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Comment: Why clubs should say no to bribing referees

This has been a long-standing problem bedeviling Ghana football. Day in and day out, after league matches are played, you hear lots of stories about poor performances from referees.

Clubs on the receiving end will complain about certain decisions given against them and the allegations always centre on money changing hands.

The situation got so bad that a few years ago, Ghana Football Association President Kwesi Nyantakyi, addressing a gathering of referees, remarked that the knights of the whistle should “take the money and do the right thing.”

To this day, even though such incidents have reduced in terms of the number of alleged cases that come up, it is still prevalent today.

Let me begin by saying that it makes no sense whatsoever for clubs to dole out monies to referees for many reasons.

Most clubs find it so hard to make ends meet and as a result, in the case of Premier League clubs, rely heavily on whatever sponsorship revenue that comes in.

In the case of Division One League clubs, it is even worse as currently, there is no sponsorship for the league. For instance, if clubs find it so difficult to pay player salaries, settle camping fees and pay match winning bonuses for example, what sense does it make for clubs to pay money to referees to influence the outcome of matches?

Couldn’t the money have been used to either settle outstanding bills or motivate players? For instance I am aware of a football match a few years back that saw one club hand over GH¢15,000 to the other club with the intention of “buying” the match to avoid relegation.

Unfortunately for the “buying” club, its players were very poor and a goal was conceded. Despite every effort of the “selling” club to create chances for the “buying” club to equalize and score the winner, but the match ended 1-0.

So the “buying” club demanded the money it paid out after the game and received it. The “buying” club was even lucky that the money had not been used because such a transaction is akin to using counterfeit money to buy weed. There are no records or receipts of such transactions.

The point I am making here is simple. Failure to motivate players will mean that even if $1 million is paid to either clubs or referees to influence the outcome of matches, it is equivalent of flushing one’s life savings down the toilet. In short, it makes no sense at all.

I am reliably informed that the average going rate for “buying” a referee is between GH¢5,000 and GH¢8,000 a league match. So assuming without admitting that each club does such a transaction at least five times in a season, we are talking of a minimum expenditure of GH¢25,000 a season.

For first division clubs, the new season’s kick off has been delayed for a couple of weeks because most clubs have not paid the required officiating and affiliation fees.

Despite the difficulties in honouring such payments, you will find that some of the clubs will find money to influence the outcome of matches towards the back end of the season and especially during the Middle League playoffs.

A recent Middle League match was fraught with allegations that a match referee had pocketed GH¢20,000 to influence the match’s outcome.

So how was the money raised in the first place and why was it that such an amount of money was not used to motivate the players, not to mention paying essential bills and fees like I have outlined above? Clearly, as clubs we are on a hiding to nothing and things need to change.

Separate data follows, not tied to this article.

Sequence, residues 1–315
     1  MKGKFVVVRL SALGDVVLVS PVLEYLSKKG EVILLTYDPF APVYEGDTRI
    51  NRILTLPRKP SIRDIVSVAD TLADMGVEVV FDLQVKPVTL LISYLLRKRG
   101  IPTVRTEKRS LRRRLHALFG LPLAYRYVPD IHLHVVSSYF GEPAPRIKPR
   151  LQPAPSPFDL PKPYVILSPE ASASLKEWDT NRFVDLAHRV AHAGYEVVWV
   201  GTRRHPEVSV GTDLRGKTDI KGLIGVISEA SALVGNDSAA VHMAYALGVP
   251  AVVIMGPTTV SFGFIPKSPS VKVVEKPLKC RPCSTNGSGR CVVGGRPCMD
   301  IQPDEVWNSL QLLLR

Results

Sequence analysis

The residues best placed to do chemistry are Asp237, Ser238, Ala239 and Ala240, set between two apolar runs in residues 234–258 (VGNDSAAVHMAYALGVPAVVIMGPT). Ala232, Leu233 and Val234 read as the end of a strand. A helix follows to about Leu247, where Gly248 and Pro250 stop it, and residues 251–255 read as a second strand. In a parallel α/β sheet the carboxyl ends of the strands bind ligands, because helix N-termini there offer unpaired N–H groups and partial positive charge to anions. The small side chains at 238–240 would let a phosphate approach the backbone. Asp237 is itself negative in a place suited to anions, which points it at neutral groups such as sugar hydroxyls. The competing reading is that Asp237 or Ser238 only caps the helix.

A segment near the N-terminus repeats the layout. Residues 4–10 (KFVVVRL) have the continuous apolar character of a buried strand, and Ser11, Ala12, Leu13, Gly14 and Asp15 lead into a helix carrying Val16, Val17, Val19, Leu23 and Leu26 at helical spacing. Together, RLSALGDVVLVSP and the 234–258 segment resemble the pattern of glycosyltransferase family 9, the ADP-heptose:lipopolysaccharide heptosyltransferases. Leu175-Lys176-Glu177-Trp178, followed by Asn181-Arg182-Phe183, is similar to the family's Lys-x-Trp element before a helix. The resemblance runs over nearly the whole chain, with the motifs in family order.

I have written before that paying realistic salaries to players is doable when clubs decide to stop paying the lump sum known as enticement fees to players and rather spread the money over the length of contracts for the players in question.

In the same sense, monies earmarked for ways and means, as well as match referees should also be channeled towards the efficient running of clubs in this country.

Too often, clubs employ individuals who may not actually be cut out for the job but are self-seeking persons who would even go to the extent of acting as middle men during such transactions.

What normally happens is that such a person will tell his club’s chief executive that influencing a referee for a particular match will amount to GH¢7,000 when the actual figure is GH¢5,000.

The middle man, who would sometimes occupy a position at the club, thus pockets a cool GH¢2,000 and the worst part is that the person could also ask the referee for a cut of the GH¢5,000 he is paying out.

Greed is the order of the day and all this should tell clubs that it makes no sense whatsoever to pay out such monies. I am even reliably informed that some referees are on the payroll at some clubs and this is simply unacceptable!

As I have mentioned earlier on, such actions could also demotivate players when they are aware that the club that owes them salaries for months on end can find such monies to influence referees. Do you honestly think that such players will give off their best on the field of play? Certainly not!

So my appeal to clubs is simple: stop paying such monies to referees and concentrate on building capacity at your clubs.

You will find that paying such monies only amounts to cutting your nose to spite your face.

Let clubs focus on what is really important, embrace sportsmanship and educate their fans on the fact that a match has three outcomes; a win, a loss or a draw. Let all clubs come out and say a big no to paying referees and Ghana football will be all the better for it.

 

 

 

 

 

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